In 1924, stage-struck Boston blueblood Hannah Adams picks up musical star Tim O'Connor and takes him home for dinner. One thing leads to another, and when Tim's show rolls on to Chicago a ... See full summary »
Hometown boy Quizz West (William Eythe) is one of fewer than 19,000 draftees in 1940. After being familiarized with his fiancée Janet and him, we find Quizz at a gun position fighting off ... See full summary »
Thinking that the airplane they are flying in is about to crash and death is imminent, a husband confesses to his wife, of eight happy years, that he had once several years ago had a brief affair with her best friend. The wife forgives him until they land safely at the airport, at which point she becomes furious and begins making life miserable for him. She dons the role of several martyrs, including Cleopatra, in her payback scheme.Written by
Les Adams <firstname.lastname@example.org>
Good morning, Mr Mason.
Katie! How did you know we'd need you back?
Miss Jane called me. Some month off. Nice you weren't killed though - jobs being what they are!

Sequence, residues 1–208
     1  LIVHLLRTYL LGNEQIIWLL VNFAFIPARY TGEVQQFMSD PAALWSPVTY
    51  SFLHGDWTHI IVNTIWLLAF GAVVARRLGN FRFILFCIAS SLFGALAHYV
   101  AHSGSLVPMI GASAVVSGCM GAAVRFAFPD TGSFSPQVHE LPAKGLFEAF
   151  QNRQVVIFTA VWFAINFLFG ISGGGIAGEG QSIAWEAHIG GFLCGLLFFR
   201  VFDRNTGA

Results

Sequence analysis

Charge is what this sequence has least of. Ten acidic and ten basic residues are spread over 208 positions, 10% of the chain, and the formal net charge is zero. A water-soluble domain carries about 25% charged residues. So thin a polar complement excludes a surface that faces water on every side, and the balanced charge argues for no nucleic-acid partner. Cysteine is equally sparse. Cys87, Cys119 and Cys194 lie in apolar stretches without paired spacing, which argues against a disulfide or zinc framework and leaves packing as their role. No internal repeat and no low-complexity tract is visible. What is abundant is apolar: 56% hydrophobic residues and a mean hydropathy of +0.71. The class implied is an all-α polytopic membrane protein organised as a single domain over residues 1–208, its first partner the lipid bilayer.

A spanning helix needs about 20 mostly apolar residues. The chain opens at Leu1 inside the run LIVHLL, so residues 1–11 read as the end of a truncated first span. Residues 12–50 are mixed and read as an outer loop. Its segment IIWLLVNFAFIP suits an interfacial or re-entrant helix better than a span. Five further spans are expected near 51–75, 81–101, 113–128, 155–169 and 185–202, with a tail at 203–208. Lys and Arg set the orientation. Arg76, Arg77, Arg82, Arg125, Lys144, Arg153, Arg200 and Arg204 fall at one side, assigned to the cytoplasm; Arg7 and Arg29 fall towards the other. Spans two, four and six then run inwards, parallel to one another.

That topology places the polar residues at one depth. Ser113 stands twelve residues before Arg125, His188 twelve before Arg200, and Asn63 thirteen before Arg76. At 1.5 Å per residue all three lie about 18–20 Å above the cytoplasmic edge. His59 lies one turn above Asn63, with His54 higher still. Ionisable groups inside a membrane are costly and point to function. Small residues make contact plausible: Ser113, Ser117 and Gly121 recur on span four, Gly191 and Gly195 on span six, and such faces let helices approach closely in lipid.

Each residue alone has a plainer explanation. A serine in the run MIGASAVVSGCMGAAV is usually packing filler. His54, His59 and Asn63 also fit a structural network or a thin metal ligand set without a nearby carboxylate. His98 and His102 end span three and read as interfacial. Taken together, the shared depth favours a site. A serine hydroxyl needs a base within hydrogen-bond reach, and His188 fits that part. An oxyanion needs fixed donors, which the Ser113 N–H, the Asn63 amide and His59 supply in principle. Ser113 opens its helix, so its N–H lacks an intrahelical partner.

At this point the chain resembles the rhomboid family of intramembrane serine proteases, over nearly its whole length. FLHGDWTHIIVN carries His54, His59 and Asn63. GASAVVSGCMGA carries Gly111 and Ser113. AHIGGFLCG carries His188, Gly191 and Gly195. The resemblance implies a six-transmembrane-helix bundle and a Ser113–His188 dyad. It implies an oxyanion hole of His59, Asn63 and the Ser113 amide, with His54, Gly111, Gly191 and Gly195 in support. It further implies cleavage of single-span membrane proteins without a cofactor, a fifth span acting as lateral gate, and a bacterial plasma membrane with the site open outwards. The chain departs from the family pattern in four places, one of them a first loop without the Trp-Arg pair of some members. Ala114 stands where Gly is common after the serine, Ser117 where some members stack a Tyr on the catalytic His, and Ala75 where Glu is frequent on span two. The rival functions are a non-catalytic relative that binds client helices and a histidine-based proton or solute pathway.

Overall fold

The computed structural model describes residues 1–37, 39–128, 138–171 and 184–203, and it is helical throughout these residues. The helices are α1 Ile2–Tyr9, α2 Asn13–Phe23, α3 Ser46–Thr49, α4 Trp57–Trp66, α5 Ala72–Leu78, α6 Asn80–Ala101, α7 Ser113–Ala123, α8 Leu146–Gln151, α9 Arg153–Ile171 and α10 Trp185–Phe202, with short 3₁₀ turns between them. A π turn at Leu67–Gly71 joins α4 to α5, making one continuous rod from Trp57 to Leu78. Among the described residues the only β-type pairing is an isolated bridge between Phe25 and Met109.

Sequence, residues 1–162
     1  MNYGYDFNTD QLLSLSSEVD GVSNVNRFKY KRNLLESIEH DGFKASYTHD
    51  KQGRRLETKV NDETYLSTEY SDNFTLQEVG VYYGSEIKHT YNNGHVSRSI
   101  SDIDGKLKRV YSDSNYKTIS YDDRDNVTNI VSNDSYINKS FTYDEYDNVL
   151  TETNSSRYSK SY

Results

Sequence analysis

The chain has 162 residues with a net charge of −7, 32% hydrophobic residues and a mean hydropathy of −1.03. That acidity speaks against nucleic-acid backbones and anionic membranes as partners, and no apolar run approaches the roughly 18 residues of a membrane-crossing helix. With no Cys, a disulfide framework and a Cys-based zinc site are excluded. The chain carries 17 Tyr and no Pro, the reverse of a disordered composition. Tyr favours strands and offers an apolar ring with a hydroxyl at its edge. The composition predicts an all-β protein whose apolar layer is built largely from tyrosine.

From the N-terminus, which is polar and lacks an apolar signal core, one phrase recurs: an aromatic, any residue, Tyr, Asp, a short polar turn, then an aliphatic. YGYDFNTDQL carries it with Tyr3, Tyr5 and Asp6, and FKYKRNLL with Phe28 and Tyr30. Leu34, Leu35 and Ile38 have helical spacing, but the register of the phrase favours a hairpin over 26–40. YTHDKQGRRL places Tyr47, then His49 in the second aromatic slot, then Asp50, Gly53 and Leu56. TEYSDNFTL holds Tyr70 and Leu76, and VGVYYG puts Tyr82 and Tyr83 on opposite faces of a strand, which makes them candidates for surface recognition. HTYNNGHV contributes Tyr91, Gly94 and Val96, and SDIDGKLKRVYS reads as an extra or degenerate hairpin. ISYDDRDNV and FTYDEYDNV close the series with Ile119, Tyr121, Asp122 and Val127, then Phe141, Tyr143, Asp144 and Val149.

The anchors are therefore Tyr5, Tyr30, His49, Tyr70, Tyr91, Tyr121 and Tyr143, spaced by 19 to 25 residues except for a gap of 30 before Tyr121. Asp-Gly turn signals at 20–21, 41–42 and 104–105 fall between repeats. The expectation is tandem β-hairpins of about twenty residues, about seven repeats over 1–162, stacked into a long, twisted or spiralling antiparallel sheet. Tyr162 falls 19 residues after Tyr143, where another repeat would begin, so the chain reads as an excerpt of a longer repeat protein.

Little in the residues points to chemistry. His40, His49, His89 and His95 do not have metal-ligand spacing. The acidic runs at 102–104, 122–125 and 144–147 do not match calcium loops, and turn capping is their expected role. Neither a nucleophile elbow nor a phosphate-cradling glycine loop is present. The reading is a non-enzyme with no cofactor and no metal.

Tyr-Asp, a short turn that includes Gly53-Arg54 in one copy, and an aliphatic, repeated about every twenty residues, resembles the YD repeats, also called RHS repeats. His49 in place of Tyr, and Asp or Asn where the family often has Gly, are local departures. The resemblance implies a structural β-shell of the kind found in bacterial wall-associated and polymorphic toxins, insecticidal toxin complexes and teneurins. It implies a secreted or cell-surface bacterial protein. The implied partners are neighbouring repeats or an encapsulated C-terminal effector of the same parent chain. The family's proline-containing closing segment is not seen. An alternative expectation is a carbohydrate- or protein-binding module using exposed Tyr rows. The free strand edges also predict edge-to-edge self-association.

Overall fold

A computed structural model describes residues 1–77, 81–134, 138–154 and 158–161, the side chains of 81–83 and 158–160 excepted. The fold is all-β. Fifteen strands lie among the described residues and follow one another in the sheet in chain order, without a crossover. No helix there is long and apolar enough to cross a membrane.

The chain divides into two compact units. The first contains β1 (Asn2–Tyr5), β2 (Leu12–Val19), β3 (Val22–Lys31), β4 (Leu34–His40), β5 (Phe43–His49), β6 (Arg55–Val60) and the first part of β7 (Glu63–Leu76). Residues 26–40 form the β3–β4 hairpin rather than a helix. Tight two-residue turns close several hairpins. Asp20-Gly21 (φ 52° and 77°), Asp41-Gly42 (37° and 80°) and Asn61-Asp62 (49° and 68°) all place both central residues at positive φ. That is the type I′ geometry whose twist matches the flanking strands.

[pointing at a pile of burnt toast on a tray]
Is that for the missus?
Doesn't look right, does it?
Well, it wouldn't get recommended by Duncan Hines!
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This is not likely a movie you will subsequently set up all night discussing, but it is cute and more typical of Miss Baxter's pre "Eve" fare than post Eve.
As Virginia and George Mason are flying off on their vacation, their is serious aircraft trouble and they believe they are going to perish on the plane. In the heat of the moment, George suddenly confesses to Virginia that he had an affair with her best friend Jane. Much to his later chagrin, the plane is safely turned around and taken back to the airport, and now he must live with the consequences of his confession.
This, by the way, is played as light, charming 1950's marital comedy, and in that vein it works pretty well. Virginia occupies herself with ways in which to punish her husband and bring further recognition to her status as victim. Cecil Kellaway is very entertaining, as always.
The only real drawback to the film is that the Jane character is played in a manner that will strike modern audiences as an obvious lesbian. It is impossible to believe either George would stray from the very cute and sexy Virginia for the mannish and pushy Jane, or that Jane would be interested in ANY man. I don't think this may have read this way to 1950's audiences.
This film is rarely ever shown, I don't know why, much worse films get a great deal more air time. If you have a chance to see it, do. It's a nice little show.
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